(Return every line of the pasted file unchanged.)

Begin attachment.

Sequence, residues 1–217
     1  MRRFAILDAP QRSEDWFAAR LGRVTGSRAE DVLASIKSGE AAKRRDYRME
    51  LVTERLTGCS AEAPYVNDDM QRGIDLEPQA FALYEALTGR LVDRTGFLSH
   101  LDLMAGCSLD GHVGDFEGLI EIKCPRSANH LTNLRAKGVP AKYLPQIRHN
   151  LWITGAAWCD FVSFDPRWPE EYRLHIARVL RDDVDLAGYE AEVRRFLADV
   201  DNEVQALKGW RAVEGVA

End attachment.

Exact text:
Sequence, residues 1–217
     1  MRRFAILDAP QRSEDWFAAR LGRVTGSRAE DVLASIKSGE AAKRRDYRME
    51  LVTERLTGCS AEAPYVNDDM QRGIDLEPQA FALYEALTGR LVDRTGFLSH
   101  LDLMAGCSLD GHVGDFEGLI EIKCPRSANH LTNLRAKGVP AKYLPQIRHN
   151  LWITGAAWCD FVSFDPRWPE EYRLHIARVL RDDVDLAGYE AEVRRFLADV
   201  DNEVQALKGW RAVEGVA